The question was answered by 21,093 respondents, of which 17% answered that they “don’t know”. 25,7% of all respondents declared that for them “Reasonable publication costs are permitted, but no amount is specified”. The median mean for the researchers who gave an amount is in the range of 100 to 499 USD. This is not much, in comparison to the average APC on the market, but one can find journals with such moderate fees. And 25% of those who declared an amount, can afford to pay a fee of 1000 USD or more, which should be fair enough for most disciplines. It is worth noting that some of the researchers who declared that a “reasonable cost” suits them, are probably also able to publish even in very expensive journals. This gives us quite an optimistic view on the depth of the APC market.

Asia – the global leader

When I checked out how the answers to these questions look on the global map, I was even more surprised. Only 20% of researchers from Asia (N=3,274) declared that they have no access to publication funds, which made the situation in this part of world better than in Europe (N=7,528 and 32.5% researchers without access to funding) and in North and Central America (N=5,572, 31.1% without funding). It is not sure whether these differences are a result of a bias in the sample construction, and it would be very good to have them verified by other surveys. For definite, Asian scholars were represented by researchers based in China (N=1,027), Japan (N=554) and India (N=339) mostly, while other countries have small share in the sample.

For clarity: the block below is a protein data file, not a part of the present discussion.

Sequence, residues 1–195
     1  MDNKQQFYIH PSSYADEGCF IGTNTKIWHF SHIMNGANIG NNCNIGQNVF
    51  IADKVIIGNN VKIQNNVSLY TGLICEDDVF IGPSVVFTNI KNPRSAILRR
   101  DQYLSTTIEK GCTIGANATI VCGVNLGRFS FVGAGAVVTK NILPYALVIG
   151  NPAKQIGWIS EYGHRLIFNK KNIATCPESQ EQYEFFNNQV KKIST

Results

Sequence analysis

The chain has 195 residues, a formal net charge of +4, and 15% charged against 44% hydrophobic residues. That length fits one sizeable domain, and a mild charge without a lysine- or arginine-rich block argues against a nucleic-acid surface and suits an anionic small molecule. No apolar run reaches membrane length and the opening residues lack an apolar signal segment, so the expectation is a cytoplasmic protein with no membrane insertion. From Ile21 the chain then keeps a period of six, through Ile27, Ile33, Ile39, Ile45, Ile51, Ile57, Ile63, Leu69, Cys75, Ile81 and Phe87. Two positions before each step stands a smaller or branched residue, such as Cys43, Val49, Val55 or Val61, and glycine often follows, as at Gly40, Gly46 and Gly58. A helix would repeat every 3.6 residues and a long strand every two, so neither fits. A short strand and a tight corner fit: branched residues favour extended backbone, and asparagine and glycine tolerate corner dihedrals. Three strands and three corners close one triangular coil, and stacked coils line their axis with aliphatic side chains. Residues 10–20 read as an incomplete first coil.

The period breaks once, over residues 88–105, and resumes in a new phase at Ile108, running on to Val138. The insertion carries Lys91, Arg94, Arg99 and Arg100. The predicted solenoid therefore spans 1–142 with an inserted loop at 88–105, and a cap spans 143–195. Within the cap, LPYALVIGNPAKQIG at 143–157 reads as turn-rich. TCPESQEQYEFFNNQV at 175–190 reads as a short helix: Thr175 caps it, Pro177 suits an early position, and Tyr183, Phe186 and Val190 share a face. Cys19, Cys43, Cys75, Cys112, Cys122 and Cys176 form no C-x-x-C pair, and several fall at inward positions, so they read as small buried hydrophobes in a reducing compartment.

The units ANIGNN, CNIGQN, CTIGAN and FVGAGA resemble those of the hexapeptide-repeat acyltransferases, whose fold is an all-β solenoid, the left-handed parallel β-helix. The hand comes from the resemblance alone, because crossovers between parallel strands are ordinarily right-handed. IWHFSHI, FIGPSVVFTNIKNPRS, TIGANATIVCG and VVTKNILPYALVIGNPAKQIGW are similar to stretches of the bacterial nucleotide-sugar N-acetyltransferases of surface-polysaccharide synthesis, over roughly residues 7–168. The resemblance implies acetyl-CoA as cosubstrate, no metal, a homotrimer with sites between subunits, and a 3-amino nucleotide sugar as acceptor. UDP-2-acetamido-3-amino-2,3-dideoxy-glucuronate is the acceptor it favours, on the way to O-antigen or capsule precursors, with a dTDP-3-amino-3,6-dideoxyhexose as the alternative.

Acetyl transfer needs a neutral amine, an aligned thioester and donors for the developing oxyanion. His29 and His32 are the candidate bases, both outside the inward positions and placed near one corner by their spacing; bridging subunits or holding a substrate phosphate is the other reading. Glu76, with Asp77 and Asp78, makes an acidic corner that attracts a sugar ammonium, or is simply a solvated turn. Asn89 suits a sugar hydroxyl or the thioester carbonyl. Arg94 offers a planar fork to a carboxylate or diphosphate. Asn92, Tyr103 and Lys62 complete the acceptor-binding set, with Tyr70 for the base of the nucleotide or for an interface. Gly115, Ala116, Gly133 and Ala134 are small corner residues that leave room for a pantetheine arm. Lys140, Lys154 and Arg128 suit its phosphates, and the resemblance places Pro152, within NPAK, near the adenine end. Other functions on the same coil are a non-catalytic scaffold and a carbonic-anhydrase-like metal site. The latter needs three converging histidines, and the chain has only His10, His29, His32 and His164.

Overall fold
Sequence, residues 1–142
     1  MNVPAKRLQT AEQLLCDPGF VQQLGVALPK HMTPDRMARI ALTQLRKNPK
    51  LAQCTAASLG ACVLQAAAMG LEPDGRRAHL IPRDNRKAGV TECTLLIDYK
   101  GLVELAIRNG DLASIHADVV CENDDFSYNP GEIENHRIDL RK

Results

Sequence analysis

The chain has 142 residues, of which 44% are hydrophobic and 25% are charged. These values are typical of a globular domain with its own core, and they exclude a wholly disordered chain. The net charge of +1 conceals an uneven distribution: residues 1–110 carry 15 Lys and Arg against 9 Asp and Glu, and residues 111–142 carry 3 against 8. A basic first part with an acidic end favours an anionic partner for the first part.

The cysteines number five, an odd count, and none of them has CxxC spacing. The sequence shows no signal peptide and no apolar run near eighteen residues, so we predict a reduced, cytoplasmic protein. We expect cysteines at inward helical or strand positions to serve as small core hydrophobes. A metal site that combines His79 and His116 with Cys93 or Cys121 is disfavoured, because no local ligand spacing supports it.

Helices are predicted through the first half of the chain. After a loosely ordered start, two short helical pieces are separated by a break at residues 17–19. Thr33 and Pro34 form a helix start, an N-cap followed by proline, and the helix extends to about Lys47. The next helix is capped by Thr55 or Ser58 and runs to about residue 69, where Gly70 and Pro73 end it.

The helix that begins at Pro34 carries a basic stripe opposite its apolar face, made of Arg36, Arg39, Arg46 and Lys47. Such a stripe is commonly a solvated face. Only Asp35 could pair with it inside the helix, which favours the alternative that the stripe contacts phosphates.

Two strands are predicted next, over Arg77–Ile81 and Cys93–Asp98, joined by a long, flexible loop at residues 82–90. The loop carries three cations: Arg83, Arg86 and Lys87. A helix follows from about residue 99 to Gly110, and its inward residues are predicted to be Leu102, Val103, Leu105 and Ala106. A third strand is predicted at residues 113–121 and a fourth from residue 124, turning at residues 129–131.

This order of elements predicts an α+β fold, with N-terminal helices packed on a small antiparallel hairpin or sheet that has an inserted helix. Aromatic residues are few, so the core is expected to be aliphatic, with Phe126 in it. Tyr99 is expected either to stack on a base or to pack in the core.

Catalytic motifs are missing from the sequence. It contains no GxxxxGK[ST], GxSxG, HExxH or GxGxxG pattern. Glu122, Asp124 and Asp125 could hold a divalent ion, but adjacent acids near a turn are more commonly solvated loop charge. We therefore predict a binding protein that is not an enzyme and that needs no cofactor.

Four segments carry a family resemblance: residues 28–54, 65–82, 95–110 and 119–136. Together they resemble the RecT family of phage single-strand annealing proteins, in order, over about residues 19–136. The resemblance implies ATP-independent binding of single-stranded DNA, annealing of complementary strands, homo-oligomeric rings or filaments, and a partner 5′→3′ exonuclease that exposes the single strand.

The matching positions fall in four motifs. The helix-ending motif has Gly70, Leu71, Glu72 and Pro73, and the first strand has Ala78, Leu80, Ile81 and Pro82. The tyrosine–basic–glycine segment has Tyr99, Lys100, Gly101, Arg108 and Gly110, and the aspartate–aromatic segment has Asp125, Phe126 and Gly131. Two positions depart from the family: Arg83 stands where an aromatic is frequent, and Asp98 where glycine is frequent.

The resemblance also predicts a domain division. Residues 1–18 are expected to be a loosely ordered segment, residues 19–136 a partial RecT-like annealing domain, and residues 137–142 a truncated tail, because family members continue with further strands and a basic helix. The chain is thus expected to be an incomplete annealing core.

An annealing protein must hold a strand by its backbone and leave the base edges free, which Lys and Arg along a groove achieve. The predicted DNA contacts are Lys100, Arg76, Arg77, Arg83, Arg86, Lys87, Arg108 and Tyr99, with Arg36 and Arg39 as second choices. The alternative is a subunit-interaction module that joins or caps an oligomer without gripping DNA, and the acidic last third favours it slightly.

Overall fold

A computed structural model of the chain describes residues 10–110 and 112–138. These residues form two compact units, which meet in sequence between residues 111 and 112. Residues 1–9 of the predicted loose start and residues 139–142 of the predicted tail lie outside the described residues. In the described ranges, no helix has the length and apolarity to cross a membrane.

50% of the Asia-based researchers who gave an amount, declared to have access to 500 USD or more to cover publication fees this year, so they also seem to be able to afford more than the rest of the sample. The National Natural Science Foundation of China seems to be the important player in fostering open access globally, since it funds 27% of all Asian researchers who answered the survey, and 89% of them (!) declared to have some APC funding for publications available this year (9.6% do not know).

We should look east

Therefore, it should not be a surprise that respondents from Asia more often choose to publish in open access. The average share of open access articles in all articles published within the last 3 years is 25.1% for the whole sample, and 31.1% for Asia. The average share of open access articles with APC paid is 17.1% for the whole sample and 22.7% for respondents from Asia.

Is Asia the global leader of openness? According to Author Insights Survey 2015 by NPG/Palgrave Macmillan, yes. Is this result true? It is hard to say at the moment. We need more research to answer the question. I can only say that it corresponds well with my own personal experience. When I was writing my PhD thesis I could easily find a lot of open access literature dealing with my subject and the majority of it was written in English but signed by researchers working for Chinese institutions. This is not enough to say anything for definite, but open access advocates from Europe and US should probably pay more attention to the situation in Asia, which seems to be quite interesting.

Data Source: (NPG), Nature Publishing Group (2015): Author Insights 2015 survey. figshare.

Image: China festival of lights, dragon. Photo by Alias 0591, licensed under CC-BY.